Should Health Insurers Care About What's For Dinner?
Last fall, author Michael Pollan wrote an op-ed in the New York Times offering a simple defense of the not-yet-passed healthcare reform proposal: It would push the health insurance industry to take more interest in America's obesity problem and use its influence to reshape agricultural and food policy, he argued.
Pollan is best known for writing The Ominovore's Dilemma, and played a large role in kick starting the growing "food consciousness" in America. What began as a few scattered academic arguments about obesity and agribusiness has now morphed into a movement, with reality television shows about eating fruits and vegetables and a campaign by First Lady Michelle Obama to reverse childhood obesity, in part by offering healthier food choices in schools.
And Pollan thinks insurers can be a champion for that movement. Although health insurers have long been aware of the burden of obesity and its connection to chronic diseases, until now they have had strategies for keeping certain high-risk patients out of their pool of customers. But because insurance companies can no longer exclude patients because of pre-existing conditions or other health indicators, preventing chronic disease is now a top business priority.
"A patient with Type 2 diabetes incurs additional healthcare costs of more than $6,600 a year; over a lifetime, that can come to more than $400,000. Insurers will quickly figure out that every case of Type 2 diabetes they can prevent adds $400,000 to their bottom line. Suddenly, every can of soda or Happy Meal or chicken nugget on a school lunch menu will look like a threat to future profits," Pollan wrote.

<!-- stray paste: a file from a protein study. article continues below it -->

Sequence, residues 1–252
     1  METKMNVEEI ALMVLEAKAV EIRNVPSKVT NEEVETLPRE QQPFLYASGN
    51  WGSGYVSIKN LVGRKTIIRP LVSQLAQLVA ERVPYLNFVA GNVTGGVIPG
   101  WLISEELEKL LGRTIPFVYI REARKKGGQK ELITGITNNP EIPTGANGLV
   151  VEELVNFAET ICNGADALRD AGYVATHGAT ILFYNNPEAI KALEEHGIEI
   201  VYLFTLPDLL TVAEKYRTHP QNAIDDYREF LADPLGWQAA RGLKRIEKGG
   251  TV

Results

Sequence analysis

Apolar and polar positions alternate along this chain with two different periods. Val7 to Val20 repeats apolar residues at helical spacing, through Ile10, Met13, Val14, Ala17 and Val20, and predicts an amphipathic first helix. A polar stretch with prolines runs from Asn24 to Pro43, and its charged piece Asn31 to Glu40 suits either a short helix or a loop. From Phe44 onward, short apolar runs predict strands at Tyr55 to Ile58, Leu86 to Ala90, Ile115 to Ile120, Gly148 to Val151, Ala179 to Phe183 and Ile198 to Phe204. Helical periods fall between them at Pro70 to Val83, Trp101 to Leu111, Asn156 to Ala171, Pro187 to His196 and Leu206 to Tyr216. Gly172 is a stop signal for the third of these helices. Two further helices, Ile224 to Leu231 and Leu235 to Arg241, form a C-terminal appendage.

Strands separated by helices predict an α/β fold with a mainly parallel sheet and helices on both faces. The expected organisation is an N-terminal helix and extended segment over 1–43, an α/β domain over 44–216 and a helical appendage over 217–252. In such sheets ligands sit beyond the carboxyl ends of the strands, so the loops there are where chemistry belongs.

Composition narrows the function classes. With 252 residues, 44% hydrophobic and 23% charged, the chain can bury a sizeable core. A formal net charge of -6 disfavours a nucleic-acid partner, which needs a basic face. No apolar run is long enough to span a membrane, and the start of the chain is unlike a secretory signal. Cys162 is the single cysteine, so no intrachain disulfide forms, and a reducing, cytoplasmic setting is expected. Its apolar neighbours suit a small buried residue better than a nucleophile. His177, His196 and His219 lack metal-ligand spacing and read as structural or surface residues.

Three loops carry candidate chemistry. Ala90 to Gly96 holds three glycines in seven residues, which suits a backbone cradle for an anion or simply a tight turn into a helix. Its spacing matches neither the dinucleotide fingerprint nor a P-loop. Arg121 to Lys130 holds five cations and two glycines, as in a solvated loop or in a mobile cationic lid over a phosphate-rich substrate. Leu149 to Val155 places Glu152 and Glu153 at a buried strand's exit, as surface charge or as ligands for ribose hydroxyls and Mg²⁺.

The argument is a little simplistic, and it isn't as if insurers aren't well aware of the costs associated with obesity. But he has a point. Maybe it's time for insurers to get more involved in preventing obesity at the national level.
What if the insurance industry threw its full weight behind a tax on soda and sugary drinks? Or lobbied for agricultural policy that brought down the cost of fruits and vegetables? Individual payers could even significantly increase their reimbursements for wellness and weight loss services, and hopefully see a return on that investment in a healthier America.
Savvy insurers are already taking innovative steps to incentivize weight loss and focus on prevention. But a recent study in the American Journal of Public Health suggests some may not yet be seeing the bigger picture. Companies providing health and life insurance own roughly $1.9 billion worth of stock in the fast-food industry, according to the study.
Granted, this was probably a drop in the bucket relative to their overall portfolios. But any individual or institution interested in improving Americans' health should think twice before investing in an industry that provides the cheap, unhealthy food that helps fuel the obesity epidemic.
The campaign by Mrs. Obama to reverse childhood obesity provides a perfect jumping in point. Partnering with the White House on this initiative could not only improve the health status of the industry's future customers, but it could also help repair its tarnished public image.
And ultimately, reversing these 30-year trends will not only be good for the nation. It will be essential to insurers' bottom lines, as well.
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